Tag Archives: DPAP

Can the Department of Defense Make Bold, Radical Changes to its Acquisition Process?

commercial item acquisition

Is commercial item acquisition the pathway for the Department of Defense (DoD) to fulfill its goal of having better access to the latest technological advances, and do DoD’s current acquisition rules and regulations hinder that goal?

Do commercial contractors think selling to the Federal Government, particularly to the DoD, is a worthwhile endeavor?

Are there too many DoD procurement regulations; and are the current regulations relevant?

A body of experts commissioned by Congress in the FY16 National Defense Authorization Act (NDAA) is addressing these questions and more.  

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Department of Defense (DoD) Seeks Comments on Draft Commercial Item Acquisition Guidebooks

The Department of Defense’s (DoD) goal for procurement is to have an efficient acquisition system that is effective in providing support to the warfighter. The use of commercial item acquisition is seen as one way of achieving this goal, however there are currently varying levels of understanding and consistency within DoD regarding determining commerciality and in determining fair and reasonable prices.

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DoD Now Awarding more than Half its Contract Spending without Competitive Bids

By Federal News Radio – originally published August 22, 2016

This week marks the two-year point since the Defense Department — worried that only 56.5 percent of its contracted dollars involved a meaningful competition between two or more vendors — issued a series of corrective actions to reverse a downward slide that’s been ongoing for nearly a decade.

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Are Your IR&D Costs Allowable?

MH910216329It’s time to <RETHINK> how you determine allowability of IR&D costs.  Not rethinking your approach could result in the government deeming your IR&D costs expressly unallowable.  Spending a few minutes reading this blog will provide you with the required knowledge to ensure your IR&D costs continue to be allowable.

Effective January 30, 2012, the DFARS IR&D cost principle (DFARS 231.205-18(c)(iii)(C)) now requires, as a condition of allowability, contractors to report their IR&D projects to the Defense Technical Information Center (DTIC).  Even though this requirement applies only to “major contractors”, as defined in DFARS (DFARS 231.205-18(a)(iii)), the government encourages all contractors to follow this process.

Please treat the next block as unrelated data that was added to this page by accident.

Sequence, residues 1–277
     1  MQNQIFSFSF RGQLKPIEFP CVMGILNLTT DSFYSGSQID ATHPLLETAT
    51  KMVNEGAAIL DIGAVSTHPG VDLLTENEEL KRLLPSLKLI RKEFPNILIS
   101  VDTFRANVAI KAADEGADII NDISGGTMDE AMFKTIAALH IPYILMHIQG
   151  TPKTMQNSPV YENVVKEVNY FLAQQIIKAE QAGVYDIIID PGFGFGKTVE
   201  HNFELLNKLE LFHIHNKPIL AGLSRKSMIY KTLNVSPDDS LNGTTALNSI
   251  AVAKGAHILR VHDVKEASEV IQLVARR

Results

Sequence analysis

There are additional consequences of not reporting your IR&D project to DTIC.  On April 24, 2014, DCAA issued guidance to their auditors explaining how the failure of complying with the DFARS requirement could impact Forward Pricing, Incurred Cost, Cost Accounting Standards, and Accounting System audits.  For example, DCAA asserts that a failure to comply with the reporting requirement may constitute a CAS 405 noncompliance and an Accounting System deficiency.

Haven’t reported your IR&D projects to DTIC?  Have no fear! Fortunately,

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DoD is Rethinking Fair and Reasonableness of GSA Schedule Pricing


DoD has decided that GSA Schedule prices may not be fair and reasonable and is instructing Contracting Officers to conduct their own pricing review on GSA task orders.

For those unfamiliar with FAR 8.404(d), its authority provides one of the primary values of the GSA Schedules program.  It states: “GSA has already determined the prices of supplies and fixed-price services, and rates for services offered at hourly rates, under schedule contracts to be fair and reasonable. Therefore, ordering activities are not required to make a separate determination of fair and reasonable pricing…”. By pre-determining that prices/rates for goods and services under schedule contracts are “fair and reasonable”, purchasing agencies have been relieved of performing the proposal analysis techniques described in FAR 15.404-1. Since they don’t have to duplicate the work already done by GSA COs in reviewing pricing, utilizing the Schedules program provides government buyers with a significant savings in time and effort. Well, not anymore for DoD buyers… 

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